When was the last time you wrote – not typed – an honest-to-goodness letter? Moreover, when was the last time you received one, complete with stamps and a return address?
Letter writing is sadly a dying art. Although the Internet has given birth to the e-mail, which totally tore down the limitations of geography, writing long-hand letters seem to have something more to offer: An emotional factor that conveys patience and effort that no electronic message can ever replicate.
However, very few people these days have the time to sit down, be quiet, and actually correspond via pen and paper. Life often needs to be chased, and understandably what is faster and does the job is what's better.
At a time where everyone is hurrying elsewhere -- “Chat with you later, GTG.” or “Lol that’s crazy, BRB.” – do you ever stop to think about how many of us are even really communicating? It seems that people are talking much more than they did before, but very little is actually being said or heard, much less listened to. As much as technology brings people together, it also sadly pushes many to take connections for granted, because everyone is just one tap away.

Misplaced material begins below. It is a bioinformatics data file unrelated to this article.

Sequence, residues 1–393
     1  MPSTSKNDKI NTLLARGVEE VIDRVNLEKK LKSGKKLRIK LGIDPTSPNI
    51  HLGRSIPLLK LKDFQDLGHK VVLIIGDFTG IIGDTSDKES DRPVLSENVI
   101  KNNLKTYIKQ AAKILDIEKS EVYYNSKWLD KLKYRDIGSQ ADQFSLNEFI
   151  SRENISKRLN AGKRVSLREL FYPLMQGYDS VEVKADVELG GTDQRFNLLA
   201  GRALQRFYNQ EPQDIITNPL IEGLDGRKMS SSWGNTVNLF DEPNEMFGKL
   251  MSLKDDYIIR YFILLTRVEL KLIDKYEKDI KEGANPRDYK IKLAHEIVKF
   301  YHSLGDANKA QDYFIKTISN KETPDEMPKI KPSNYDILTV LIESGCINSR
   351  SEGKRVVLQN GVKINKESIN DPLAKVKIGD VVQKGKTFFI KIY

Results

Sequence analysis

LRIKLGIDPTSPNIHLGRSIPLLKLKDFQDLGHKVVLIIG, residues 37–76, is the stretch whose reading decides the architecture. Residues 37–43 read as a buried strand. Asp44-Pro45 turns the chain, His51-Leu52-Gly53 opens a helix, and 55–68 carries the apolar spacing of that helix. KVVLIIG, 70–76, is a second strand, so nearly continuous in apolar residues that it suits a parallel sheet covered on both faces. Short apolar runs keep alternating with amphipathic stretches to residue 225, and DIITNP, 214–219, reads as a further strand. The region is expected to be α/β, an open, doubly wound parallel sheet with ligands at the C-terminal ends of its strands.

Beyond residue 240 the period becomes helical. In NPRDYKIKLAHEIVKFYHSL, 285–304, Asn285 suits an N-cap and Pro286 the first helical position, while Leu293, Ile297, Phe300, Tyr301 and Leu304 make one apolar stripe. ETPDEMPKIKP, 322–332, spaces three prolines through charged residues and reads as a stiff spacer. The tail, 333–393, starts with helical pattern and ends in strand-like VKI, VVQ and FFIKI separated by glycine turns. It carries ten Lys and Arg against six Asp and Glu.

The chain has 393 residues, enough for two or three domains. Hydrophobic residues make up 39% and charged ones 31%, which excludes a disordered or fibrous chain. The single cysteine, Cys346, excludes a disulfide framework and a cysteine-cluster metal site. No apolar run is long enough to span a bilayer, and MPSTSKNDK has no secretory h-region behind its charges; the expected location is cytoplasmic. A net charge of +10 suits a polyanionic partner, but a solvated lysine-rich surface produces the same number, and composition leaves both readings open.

“Yes, e-mail is a wonderful invention,” writes Catherine Field in The New York Times. “Yet it is by its nature ephemeral and lacks the spark of character that only handwriting can provide…
“A good handwritten letter is a creative act, and not just because it is a visual and tactile pleasure. It is a deliberate act of exposure, a form of vulnerability, because handwriting opens a window on the soul in a way that cyber communication can never do.”
A recent Buzzfeed video invited three individuals to write a letter for the first time in their lives. Although for one it felt like an activity that forced communication, for another, it opened not just a new avenue of correspondence, but also a dam of emotions that she never realized was even shut.
Maybe it’s time to go back to the basics, and remember what it means to really get in touch.